JAPANESE pharmaceutical giant Takeda is making rapid progress toward the development of a vaccine against the mosquito-borne dengue virus, with the Philippines among countries where it will be tested, the company’s director of its global dengue program said in a phone interview.
Dr. Derek Wallace, who heads the vaccine development program for Takeda, said one of the biggest challenges to creating a dengue vaccine is producing a stable compound that is effective against all four serotypes of the virus.
Citing World Health Organization (WHO) data, Wallace said that dengue causes an estimated 390 million infections and more than 20,000 deaths globally each year; it is considered the fastest-spreading mosquito-borne infection and is a leading cause of serious illness among children in some countries in Latin America and Asia.
“Four dengue serotypes circulate globally,” Wallace explained. “Infection with one dengue serotype confers life-long protection against re-infection with the same serotype, but only short-term protection against the other three serotypes, and sequential infections with different serotypes can potentially increase the risk of developing severe and lethal disease.”
Wallace further explained that researchers have a limited understanding of how the virus interacts with the immune system and how certain types of pre-existing immunity can make one more vulnerable to disease.
“It is clear that unmet needs in dengue prevention exist and we are working diligently to develop a vaccine that will protect all populations regardless of previous infection to the disease,” Wallace said.
In September, Takeda initiated a Phase III clinical trial, called the Tetravalent Immunization against Dengue Efficacy Study (TIDES), in nine countries across Latin America and Southeast Asia, including Brazil, Colombia, Dominican Republic, Nicaragua, Panama, the Philippines, Thailand, Sri Lanka and Vietnam.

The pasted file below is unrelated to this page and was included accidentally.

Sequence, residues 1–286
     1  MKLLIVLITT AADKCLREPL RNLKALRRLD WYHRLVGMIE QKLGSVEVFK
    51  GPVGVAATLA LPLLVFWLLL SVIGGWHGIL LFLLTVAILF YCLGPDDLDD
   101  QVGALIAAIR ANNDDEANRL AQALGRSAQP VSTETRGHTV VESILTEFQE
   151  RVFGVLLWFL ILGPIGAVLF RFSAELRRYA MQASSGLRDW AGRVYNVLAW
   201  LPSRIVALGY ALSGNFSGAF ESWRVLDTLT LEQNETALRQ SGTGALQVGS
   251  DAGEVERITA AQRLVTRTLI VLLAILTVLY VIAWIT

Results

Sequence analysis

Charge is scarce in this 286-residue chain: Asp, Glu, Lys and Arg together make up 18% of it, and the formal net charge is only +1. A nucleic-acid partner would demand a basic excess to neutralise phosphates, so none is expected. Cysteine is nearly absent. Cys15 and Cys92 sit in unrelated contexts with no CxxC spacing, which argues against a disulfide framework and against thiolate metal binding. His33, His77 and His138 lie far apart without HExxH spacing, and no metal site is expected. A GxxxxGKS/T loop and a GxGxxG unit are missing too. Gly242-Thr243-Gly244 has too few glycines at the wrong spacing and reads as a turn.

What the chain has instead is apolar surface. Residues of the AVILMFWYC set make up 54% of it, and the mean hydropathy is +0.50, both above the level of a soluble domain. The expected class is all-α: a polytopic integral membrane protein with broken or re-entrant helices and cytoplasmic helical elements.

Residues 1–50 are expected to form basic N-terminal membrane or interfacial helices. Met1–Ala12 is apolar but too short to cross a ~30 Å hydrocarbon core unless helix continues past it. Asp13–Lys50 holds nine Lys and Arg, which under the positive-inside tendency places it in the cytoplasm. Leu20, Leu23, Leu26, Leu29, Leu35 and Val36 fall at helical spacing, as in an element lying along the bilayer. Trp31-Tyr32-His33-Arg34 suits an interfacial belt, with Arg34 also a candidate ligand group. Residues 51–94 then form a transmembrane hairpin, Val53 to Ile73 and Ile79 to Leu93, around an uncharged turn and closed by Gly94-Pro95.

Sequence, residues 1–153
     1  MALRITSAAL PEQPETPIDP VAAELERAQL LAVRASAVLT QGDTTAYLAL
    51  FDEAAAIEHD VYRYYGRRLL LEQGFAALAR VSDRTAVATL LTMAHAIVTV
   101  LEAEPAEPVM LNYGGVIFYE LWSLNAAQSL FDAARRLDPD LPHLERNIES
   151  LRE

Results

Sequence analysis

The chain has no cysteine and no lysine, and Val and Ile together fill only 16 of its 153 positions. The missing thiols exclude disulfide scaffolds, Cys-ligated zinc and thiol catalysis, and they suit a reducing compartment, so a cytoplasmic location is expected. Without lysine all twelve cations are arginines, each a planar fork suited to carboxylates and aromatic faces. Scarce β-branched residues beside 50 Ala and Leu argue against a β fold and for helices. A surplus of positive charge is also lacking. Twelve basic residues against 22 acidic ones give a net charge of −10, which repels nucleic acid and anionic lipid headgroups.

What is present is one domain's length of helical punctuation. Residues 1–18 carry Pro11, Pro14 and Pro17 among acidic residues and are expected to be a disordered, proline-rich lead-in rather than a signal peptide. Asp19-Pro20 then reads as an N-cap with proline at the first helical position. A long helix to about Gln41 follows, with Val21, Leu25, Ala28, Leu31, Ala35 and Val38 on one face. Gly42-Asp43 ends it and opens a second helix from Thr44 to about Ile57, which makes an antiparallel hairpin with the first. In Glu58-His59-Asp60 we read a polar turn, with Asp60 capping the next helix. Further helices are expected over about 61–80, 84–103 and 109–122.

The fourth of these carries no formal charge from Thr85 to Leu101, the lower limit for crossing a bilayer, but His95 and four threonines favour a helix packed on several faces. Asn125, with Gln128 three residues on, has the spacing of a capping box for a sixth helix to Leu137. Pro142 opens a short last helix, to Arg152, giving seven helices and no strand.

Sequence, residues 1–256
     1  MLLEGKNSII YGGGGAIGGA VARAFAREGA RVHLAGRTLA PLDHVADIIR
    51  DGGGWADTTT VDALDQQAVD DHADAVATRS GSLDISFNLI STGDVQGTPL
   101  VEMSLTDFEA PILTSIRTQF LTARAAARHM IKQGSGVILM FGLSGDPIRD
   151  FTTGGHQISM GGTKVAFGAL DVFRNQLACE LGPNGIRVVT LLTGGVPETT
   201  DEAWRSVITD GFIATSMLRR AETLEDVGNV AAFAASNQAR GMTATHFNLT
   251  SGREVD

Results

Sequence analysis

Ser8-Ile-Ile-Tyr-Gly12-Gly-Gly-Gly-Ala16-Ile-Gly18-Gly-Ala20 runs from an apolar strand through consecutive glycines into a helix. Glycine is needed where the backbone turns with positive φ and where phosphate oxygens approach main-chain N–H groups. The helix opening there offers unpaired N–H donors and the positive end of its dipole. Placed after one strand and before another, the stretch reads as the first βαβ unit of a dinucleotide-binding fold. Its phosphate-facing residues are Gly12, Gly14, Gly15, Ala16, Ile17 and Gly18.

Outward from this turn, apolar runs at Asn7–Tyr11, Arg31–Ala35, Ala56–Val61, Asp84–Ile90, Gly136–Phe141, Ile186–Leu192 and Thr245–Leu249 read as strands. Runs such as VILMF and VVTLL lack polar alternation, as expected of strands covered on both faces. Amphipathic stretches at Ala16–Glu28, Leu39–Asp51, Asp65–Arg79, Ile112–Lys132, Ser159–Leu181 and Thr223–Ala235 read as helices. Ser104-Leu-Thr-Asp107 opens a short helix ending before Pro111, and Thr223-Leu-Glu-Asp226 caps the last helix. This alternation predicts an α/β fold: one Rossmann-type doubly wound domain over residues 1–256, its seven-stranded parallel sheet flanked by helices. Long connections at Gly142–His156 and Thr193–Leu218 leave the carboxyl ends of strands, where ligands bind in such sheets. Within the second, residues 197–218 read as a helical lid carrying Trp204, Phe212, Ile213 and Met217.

TIDES is a controlled trial to investigate the efficacy, safety, and immunogenicity of two doses of Takeda’s tetravalent dengue vaccine candidate (TAK-003) administered 90 days apart in healthy children aged four to 16 years living in dengue endemic areas, Wallace explained.
“Our goal is to develop and test a vaccine that is safe for and protects populations and individuals at risk for symptomatic dengue, including children, regardless of whether they have previously been exposed to the virus,” he said.
“There are populations that are in need of a vaccine that protects against all four dengue serotypes in people of all ages, regardless of previous exposure, which our Phase III trial will examine,” Wallace said.
TAK-003 is based on a dengue serotype 2 virus which provides the genetic ‘backbone’ for all four vaccine viruses.
“Phase III clinical trials have been designed to assess vaccine efficacy against both moderate and severe dengue caused by each of the four dengue serotypes. The trial is on track and we expect to finish enrollment in the trial in the first half of 2017,” Wallace added.
TAK-003 would be the second dengue vaccine to be used in the Philippines after Sanofi Pasteur’s Dengvaxia. Dengvaxia has come under fire from some critics, who charge that the vaccine was rushed into use by the Department of Health before it was fully tested, an accusation health officials and the pharmaceutical company have strongly denied.
In addition to its work on the dengue vaccine, Takeda was earlier awarded a $19.8 million grant by the US Biomedical Advanced Research and Development Authority (BARDA), part of the US Department of Health and Human Services, to develop a vaccine against the Zika virus. Wallace explained the funding is intended for a Phase I clinical trial of the Zika vaccine, but that no timeline had been established yet.